Questions from my learners – 2

These are short posts in which I will answer two questions that my learners have asked me. The contents list will build up as I add more questions. There is no easy way to sort and categorise them, so I will list other questions in the series in alphabetical order at the end of the post.

Why do you keep correcting me when I write “myself”?

The word “myself”, which is a reflexive pronoun, is often misused.

It can be used to highlight the fact that you did something on your own or that YOU did it, not someone else.

I baked the cake = a fact about who baked the cake.
I baked the cake myself = I’m proud of it. I didn’t have any help! I didn’t go to the shop and buy it.

I’ll do it = a fact
I’ll do it myself = either I want to prove that I can do it on my own, or, if said in an angry voice, I’m tired of asking you to help so I’ll do it on my own.

It’s also used in sentences where you did something to yourself:
I hurt myself = you did the action and you felt the result.
If someone else hurt you, you’d have to say
He/she hurt ME
because the sentence didn’t start with “I” and the other person was doing the action.

I’m proud of “myself”
My parents were proud of “me”.

Most problems with this word seem to arise when other people are involved in the sentence. A helpful tip is to take away the other people and see whether the sentence still makes sense.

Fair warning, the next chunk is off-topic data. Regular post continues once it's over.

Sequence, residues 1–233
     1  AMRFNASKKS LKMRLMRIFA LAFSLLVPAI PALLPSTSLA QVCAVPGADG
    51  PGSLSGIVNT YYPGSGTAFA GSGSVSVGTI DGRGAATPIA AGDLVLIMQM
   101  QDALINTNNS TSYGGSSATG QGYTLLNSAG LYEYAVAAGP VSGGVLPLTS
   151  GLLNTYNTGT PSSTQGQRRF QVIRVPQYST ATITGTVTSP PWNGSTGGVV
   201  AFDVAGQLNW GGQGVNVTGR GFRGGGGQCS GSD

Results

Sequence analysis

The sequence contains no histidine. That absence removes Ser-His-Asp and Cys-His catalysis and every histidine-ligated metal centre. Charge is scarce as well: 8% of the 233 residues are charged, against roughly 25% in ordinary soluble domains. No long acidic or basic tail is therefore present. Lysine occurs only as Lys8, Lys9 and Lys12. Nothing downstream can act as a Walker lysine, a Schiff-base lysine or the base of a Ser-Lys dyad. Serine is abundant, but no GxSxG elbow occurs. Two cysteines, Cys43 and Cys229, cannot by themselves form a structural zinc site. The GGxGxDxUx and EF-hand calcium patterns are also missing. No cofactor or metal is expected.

You can’t say:
Myself went on holiday
Because this doesn’t make sense. It should be “I went on holiday”.
Therefore you can’t say “Myself and my boyfriend went on holiday” or “my boyfriend and myself went on holiday”. It has to be “My boyfriend and I went on holiday” or “I went on holiday with my boyfriend”.

Please book the tickets for my boss and ME.
You can’t say “for my boss and myself” because you are asking someone to do something and therefore they will be doing the action, not you.
You can’t say “for my boss and I” either, because “please book the tickets for I” doesn’t make sense.

Affect or effect?

Native speakers get this one wrong all the time.

A simple rule is that affect is usually a verb
How will this decision affect our colleagues?
Affect = to influence or make a difference to something or someone.

Effect is usually a noun
The tornado had a devastating effect on the city.
Effect = a result or influence.

Effect also has another meaning where it can be used as a verb but this is not common and it is usually only seen in formal writing.


Other questions in this series

Should it be every day or everyday?
What’s the difference between lay and lie?
When don’t you add an “s” to words to show that they are plural?
Why do you keep crossing out the word “do” in my writing?

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Kirsty working with students

Author: Kirsty Wolf

I am an English teacher and a language enthusiast who also speaks German and Romanian. I help motivated professionals to improve their English so that they can communicate confidently and authentically.

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